Dedicated to the open sharing of information and ideas on the economy, ecology, science, and legal equities of fly ash - one of the planet's most abundant materials.
(Helanair.com 6-29-2012) Montana needs to be focused on job creators, not job killers. And when there’s a good opportunity to keep the jobs we got and create new ones — good paying ones — then we should be doing everything we can to encourage it.
(The State Journal 6-28-2012) When House and Senate conferees finally came to agreement on June 27 over the Surface Transportation Act of 2012, it was in part by removing the amendment that was Rep. David McKinley's coal ash bill.
(MINN Post 6-26-2012) Believe it or not, the energy that we use to light our homes and the roads that we use every day to travel to our destinations have something in common: fly ash. Fly ash is an end product of the coal combustion cycle that ordinarily would end up in our landfills as waste, but in recent years we have discovered that it can be recycled and applied to transportation construction materials. By adding fly ash to our concrete mixtures, Minnesotans now have more durable roadways that cost less to build.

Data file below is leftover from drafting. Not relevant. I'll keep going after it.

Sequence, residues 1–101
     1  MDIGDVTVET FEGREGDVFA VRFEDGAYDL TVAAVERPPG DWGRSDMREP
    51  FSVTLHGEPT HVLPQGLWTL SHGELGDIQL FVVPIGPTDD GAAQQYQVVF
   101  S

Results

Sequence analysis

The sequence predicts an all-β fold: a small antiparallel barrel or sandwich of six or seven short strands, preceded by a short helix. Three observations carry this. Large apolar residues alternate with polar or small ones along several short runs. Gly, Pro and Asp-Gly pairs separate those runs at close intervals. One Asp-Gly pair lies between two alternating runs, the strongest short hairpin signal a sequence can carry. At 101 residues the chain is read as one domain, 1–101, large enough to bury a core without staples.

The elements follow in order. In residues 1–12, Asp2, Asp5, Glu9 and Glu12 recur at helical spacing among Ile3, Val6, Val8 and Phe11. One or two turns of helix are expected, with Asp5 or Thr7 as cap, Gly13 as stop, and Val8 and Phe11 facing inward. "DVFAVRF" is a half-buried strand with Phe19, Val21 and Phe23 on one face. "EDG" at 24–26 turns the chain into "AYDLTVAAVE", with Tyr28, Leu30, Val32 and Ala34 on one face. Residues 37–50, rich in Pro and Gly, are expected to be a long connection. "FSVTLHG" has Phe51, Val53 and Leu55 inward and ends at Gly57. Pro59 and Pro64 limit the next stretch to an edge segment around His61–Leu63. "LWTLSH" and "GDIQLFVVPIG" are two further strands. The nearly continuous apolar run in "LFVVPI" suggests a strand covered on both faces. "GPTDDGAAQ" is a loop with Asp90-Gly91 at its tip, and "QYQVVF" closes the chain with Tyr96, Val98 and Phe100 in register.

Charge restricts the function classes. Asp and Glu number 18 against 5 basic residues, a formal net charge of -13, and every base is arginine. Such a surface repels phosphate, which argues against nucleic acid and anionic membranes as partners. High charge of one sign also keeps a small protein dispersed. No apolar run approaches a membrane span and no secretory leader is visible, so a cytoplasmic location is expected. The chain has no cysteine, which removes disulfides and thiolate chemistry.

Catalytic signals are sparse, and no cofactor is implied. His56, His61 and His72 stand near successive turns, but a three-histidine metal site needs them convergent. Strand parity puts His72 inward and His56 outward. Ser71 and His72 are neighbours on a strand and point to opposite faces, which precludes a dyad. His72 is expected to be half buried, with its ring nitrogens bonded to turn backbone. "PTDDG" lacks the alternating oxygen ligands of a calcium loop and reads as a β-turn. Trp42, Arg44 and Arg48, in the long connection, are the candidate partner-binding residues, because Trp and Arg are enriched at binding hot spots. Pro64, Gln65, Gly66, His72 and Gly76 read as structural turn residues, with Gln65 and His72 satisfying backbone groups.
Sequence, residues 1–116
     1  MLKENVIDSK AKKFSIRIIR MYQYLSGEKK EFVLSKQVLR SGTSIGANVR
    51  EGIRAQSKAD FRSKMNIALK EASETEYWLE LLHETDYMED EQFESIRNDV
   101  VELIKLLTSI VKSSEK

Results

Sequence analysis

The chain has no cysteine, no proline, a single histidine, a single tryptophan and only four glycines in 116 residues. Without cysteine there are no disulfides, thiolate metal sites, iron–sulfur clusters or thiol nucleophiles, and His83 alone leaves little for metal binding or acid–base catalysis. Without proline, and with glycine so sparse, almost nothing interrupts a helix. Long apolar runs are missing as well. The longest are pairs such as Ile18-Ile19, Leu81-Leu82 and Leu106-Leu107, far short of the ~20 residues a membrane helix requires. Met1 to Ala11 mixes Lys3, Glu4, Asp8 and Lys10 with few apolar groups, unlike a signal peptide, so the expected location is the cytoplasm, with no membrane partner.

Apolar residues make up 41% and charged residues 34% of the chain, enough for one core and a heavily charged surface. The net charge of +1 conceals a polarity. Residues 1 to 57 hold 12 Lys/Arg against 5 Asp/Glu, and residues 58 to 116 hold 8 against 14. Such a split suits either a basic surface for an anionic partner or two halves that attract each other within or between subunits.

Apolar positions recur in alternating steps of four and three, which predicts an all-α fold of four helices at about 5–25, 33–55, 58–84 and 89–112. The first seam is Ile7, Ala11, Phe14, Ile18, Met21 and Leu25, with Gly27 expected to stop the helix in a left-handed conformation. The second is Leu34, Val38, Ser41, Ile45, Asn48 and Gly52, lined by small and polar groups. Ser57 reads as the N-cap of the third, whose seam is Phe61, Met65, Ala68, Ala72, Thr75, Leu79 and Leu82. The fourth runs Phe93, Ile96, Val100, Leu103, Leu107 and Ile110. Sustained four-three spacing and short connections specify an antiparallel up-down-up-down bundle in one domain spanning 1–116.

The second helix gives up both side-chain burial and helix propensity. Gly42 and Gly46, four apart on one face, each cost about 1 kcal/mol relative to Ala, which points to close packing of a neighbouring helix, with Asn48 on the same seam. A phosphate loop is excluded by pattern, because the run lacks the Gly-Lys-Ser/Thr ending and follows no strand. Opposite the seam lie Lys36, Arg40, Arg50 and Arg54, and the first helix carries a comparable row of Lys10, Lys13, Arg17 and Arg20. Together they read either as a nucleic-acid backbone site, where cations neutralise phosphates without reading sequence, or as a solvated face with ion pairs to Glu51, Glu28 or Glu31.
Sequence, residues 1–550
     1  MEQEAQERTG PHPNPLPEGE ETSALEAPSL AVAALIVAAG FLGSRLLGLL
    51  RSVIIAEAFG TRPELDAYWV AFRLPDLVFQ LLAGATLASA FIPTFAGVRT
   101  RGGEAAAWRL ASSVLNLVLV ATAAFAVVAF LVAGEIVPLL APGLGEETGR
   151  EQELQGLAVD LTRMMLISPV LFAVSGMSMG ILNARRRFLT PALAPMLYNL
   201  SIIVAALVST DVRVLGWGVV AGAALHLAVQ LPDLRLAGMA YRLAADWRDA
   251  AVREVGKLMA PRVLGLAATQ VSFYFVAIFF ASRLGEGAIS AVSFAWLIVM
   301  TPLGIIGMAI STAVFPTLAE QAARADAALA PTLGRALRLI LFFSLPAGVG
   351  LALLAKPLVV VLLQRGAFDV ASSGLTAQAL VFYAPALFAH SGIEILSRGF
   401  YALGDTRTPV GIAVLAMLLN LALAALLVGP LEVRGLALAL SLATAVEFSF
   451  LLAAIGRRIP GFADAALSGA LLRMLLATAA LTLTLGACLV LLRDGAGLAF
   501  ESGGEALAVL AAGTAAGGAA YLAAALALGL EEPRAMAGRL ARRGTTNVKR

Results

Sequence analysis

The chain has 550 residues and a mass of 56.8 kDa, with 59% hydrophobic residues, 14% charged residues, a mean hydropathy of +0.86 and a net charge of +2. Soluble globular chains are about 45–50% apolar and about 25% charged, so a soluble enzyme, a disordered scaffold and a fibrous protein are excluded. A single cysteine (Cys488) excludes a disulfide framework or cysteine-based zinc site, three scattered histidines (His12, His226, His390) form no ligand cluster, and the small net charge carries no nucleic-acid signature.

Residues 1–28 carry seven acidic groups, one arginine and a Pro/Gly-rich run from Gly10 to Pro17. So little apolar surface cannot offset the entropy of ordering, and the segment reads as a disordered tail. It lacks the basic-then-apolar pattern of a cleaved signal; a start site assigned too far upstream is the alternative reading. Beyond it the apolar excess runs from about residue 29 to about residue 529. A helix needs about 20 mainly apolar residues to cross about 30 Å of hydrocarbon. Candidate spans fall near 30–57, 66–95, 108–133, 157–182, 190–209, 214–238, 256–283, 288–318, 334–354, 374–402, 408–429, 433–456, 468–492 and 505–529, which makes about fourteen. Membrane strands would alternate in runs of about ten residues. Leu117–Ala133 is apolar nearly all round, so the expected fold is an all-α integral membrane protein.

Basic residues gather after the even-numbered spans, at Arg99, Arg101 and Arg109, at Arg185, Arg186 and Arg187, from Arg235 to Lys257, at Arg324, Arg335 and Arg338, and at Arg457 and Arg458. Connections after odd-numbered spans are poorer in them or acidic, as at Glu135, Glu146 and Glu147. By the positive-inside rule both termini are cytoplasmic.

(Metro News 6-25-2012) The Congressman for West Virginia's First District says a provision dealing with the continued use of coal ash in concrete needs to stay in the federal transportation bill. Members of the Capitol Hill conference committee working on the legislation that will fund U.S. transportation projects over the next two years or five years are reporting some progress for those ongoing talks.
(The Herald-Star 6-23-2012) Wheeling - Rep. David B. McKinley passed legislation Thursday instructing a House conference committee not to "trade off" his fly ash amendment when they seek compromise next week with the Senate on the federal Transportation Bill.